The fourth in a series of transcriptions of my experiences traveling with my wife and her family in Italy. The originals were scribbled on whatever pieces of paper were handy and are presented here unedited.
27 Mar 2002: Spend 1.5 hours lost but find Fiano Country—Feudi di San Gregorio. Very under construction. Big facility. Tour from very patient guide Cinsia includes Feudi’s olive oil production, the lab, and a 40 min discussion of the processes with head oenologist Massimo. Taste: Falenghina, Greco, Fiano, and top of line Taurasi.—Drive down toward Naples. Lunch at self serve place in Pompei. We take Lisa’s parents through—most impressive is Villa dei Misteri with frescoes of the initiation rites for the Dionysiac Mysteries. Leave. One wrong turn later, find road for Positano behind a series of buses. Dinner (1) at La Cambusa—very enthusiastically received. Bed.
The third in a series of transcriptions of my experiences traveling with my wife and her family in Italy. The originals were scribbled on whatever pieces of paper were handy and are presented here unedited.
26 Mar 2002: Directions from a resident businessman to Calitri—to make up for inadequate signage, he sends us an hour out of our way north, then down through lots of hill towns—and wheat fields—and wind farms. Half an hour after a declaration from il mio suocero that one would have to be crazy to live here, that he understands why his parents left, and that as far as he was concerned they could have it (occasioning a response from mom: “stop being such a nutty old coot!”)—we find Calitri. The Hotel Ambasciatore desk clerk Ten-Su (!) tells us that the Calitri Lucadamos had tried to find us the previous night.
We go to the records office at the Comune and discover that they have no information about the predecessors of the emigrating Lucadamo, Angelo Maria, except the names of his parents, Carmine and Teresa Schiavone. It is decided that the birth date we have for Teresa S is incorrect—she could not possibly have had Angelo M when she was 49.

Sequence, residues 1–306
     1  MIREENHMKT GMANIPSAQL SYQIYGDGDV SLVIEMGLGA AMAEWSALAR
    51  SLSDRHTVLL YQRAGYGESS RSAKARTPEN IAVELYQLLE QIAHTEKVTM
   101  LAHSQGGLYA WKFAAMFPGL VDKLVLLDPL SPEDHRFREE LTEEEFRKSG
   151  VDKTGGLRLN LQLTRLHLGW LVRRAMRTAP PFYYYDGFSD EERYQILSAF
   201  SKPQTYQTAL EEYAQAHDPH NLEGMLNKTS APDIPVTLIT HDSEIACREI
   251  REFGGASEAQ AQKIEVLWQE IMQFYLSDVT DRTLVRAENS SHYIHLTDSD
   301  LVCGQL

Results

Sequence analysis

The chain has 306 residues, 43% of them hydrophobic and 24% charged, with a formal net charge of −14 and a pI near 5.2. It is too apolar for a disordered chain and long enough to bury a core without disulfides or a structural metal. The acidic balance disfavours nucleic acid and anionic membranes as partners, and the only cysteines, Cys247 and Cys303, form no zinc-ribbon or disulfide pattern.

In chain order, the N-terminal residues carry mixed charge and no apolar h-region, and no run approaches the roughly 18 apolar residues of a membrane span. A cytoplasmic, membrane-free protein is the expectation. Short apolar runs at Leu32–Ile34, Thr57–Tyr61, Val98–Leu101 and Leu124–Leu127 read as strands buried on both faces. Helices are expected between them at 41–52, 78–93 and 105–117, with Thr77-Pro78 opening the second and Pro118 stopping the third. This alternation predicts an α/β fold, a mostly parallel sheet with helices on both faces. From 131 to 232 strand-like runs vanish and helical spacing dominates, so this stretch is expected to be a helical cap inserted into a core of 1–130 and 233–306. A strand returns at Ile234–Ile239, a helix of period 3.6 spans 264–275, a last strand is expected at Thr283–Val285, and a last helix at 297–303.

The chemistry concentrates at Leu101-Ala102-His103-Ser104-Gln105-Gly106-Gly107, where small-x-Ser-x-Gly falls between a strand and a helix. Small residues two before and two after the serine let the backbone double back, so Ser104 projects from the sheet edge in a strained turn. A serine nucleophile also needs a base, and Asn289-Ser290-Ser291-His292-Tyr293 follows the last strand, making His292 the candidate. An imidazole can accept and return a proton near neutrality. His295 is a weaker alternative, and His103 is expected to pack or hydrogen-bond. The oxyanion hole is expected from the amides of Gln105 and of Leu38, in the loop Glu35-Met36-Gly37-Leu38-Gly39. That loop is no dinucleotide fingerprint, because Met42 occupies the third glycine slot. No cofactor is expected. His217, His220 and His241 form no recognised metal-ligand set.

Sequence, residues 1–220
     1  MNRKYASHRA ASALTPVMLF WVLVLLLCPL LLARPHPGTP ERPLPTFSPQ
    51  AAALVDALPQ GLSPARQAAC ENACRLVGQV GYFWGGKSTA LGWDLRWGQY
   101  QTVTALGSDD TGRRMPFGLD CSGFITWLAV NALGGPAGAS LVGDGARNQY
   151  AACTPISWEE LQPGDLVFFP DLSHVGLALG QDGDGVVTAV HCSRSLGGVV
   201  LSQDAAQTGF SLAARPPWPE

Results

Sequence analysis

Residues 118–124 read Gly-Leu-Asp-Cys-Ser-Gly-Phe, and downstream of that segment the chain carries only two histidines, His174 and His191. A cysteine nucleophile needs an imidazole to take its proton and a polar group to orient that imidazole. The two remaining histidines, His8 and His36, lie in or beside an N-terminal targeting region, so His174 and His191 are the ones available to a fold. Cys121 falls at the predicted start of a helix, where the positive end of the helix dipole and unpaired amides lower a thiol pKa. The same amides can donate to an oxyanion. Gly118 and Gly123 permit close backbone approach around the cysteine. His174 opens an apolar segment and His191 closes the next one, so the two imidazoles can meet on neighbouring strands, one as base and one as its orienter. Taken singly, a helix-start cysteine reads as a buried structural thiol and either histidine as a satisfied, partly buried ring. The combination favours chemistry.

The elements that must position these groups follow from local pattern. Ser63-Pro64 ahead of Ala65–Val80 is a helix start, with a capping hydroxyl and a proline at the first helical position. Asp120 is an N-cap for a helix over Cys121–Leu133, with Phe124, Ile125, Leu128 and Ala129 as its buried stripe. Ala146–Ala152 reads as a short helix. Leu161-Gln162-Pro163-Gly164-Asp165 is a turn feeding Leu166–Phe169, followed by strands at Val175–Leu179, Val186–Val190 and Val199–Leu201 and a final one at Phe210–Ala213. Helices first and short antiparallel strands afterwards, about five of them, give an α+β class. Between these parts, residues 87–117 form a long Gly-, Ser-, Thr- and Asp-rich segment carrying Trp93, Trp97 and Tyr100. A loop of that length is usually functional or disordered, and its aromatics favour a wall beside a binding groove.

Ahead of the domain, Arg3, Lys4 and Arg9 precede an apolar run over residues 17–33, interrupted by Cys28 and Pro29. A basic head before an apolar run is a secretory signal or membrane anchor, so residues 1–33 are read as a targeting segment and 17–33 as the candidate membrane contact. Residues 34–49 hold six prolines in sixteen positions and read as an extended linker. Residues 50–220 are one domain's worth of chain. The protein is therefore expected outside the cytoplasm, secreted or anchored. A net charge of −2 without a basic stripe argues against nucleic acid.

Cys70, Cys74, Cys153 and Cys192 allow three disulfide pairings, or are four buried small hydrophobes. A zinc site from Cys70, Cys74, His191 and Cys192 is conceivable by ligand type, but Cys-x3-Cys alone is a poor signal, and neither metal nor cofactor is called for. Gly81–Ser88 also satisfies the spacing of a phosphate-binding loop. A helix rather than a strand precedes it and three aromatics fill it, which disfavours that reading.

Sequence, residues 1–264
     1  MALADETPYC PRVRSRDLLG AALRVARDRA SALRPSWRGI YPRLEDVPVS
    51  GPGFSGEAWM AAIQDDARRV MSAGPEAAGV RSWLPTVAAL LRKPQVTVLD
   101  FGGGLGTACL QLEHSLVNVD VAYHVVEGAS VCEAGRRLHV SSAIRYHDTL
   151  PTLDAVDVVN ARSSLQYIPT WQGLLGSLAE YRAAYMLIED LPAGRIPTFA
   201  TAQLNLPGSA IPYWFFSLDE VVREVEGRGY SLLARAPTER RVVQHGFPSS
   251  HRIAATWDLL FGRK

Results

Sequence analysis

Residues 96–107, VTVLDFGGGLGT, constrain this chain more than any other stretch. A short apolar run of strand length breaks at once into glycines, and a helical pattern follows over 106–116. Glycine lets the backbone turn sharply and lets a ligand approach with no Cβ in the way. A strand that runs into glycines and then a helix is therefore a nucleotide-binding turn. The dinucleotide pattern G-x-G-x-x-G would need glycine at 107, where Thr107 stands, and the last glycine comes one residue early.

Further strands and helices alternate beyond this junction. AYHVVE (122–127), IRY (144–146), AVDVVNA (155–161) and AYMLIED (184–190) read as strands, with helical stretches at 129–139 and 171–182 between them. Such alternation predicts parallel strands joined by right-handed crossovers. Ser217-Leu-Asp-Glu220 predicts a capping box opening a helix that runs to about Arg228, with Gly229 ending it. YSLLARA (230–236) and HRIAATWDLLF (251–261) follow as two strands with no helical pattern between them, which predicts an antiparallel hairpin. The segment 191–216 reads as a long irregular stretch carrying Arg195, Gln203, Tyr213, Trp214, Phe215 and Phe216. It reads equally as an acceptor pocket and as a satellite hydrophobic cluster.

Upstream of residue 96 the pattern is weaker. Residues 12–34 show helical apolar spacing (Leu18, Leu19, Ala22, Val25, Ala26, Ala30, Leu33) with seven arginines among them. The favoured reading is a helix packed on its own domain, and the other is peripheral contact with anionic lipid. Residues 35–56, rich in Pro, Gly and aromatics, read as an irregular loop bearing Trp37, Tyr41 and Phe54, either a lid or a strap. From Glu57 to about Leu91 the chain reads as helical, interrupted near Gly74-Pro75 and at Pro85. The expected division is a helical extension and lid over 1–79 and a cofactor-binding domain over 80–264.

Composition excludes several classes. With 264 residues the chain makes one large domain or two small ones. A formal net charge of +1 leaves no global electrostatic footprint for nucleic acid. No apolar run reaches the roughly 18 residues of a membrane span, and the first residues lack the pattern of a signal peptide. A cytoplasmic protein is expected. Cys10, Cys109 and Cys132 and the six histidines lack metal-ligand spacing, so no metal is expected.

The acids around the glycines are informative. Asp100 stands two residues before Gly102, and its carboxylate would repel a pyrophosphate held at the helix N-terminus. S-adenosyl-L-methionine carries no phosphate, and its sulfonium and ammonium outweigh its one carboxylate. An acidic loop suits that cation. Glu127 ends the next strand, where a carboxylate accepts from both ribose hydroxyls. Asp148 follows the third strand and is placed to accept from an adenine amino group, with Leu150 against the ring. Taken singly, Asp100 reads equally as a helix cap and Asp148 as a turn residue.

We meet the young Cinzia L. who runs the town biberia—she is charming and friendly and calls the family to let them know we have arrived. Later as we discover the hotel has no heat we decide to return to Avellino. Just then all the relations show up. We spend two hours conversing in Italian to discover that there are one or two Carmine and Angelo Lucadamos in each generation for as long as anyone can remember, so finding ours will be nearly impossible—and take our leave after Cinzia gifts us with a ton of wine. We take the road back in the direction of Lione, solving the question of how to get back without a very long journey. Dinner at a trattoria—very good pasta.
The second in a series of transcriptions of my experiences traveling with my wife and her family in Italy. The originals were scribbled on whatever pieces of paper were handy and are presented here unedited.
25 Mar 2002: Lost in Avellino—just like two years ago. We miss the turn several times for Calitri—it’s not posted—and give up for the night. The Hotel Jolly, while twice the price of the hotel we were to stay at in Calitri, is as good as a reasonable European chain can be. Dinner in hotel restaurant unremarkable except for a bottle of wine from Feudi [di San Gregorio].
Congratulations are in order to my good friends Don and Kim Webb, who have announced the birth of their first child, Sarah Madalyn (Maddie). I don’t have pictures this time, but maybe soon.
Don Webb has been one of my closest friends since college, when he and I sang together in the Virginia Glee Club. He was best man at our wedding, but since his move to North Carolina we haven’t seen nearly as much of him as we’d like. Here’s hoping we can change that soon.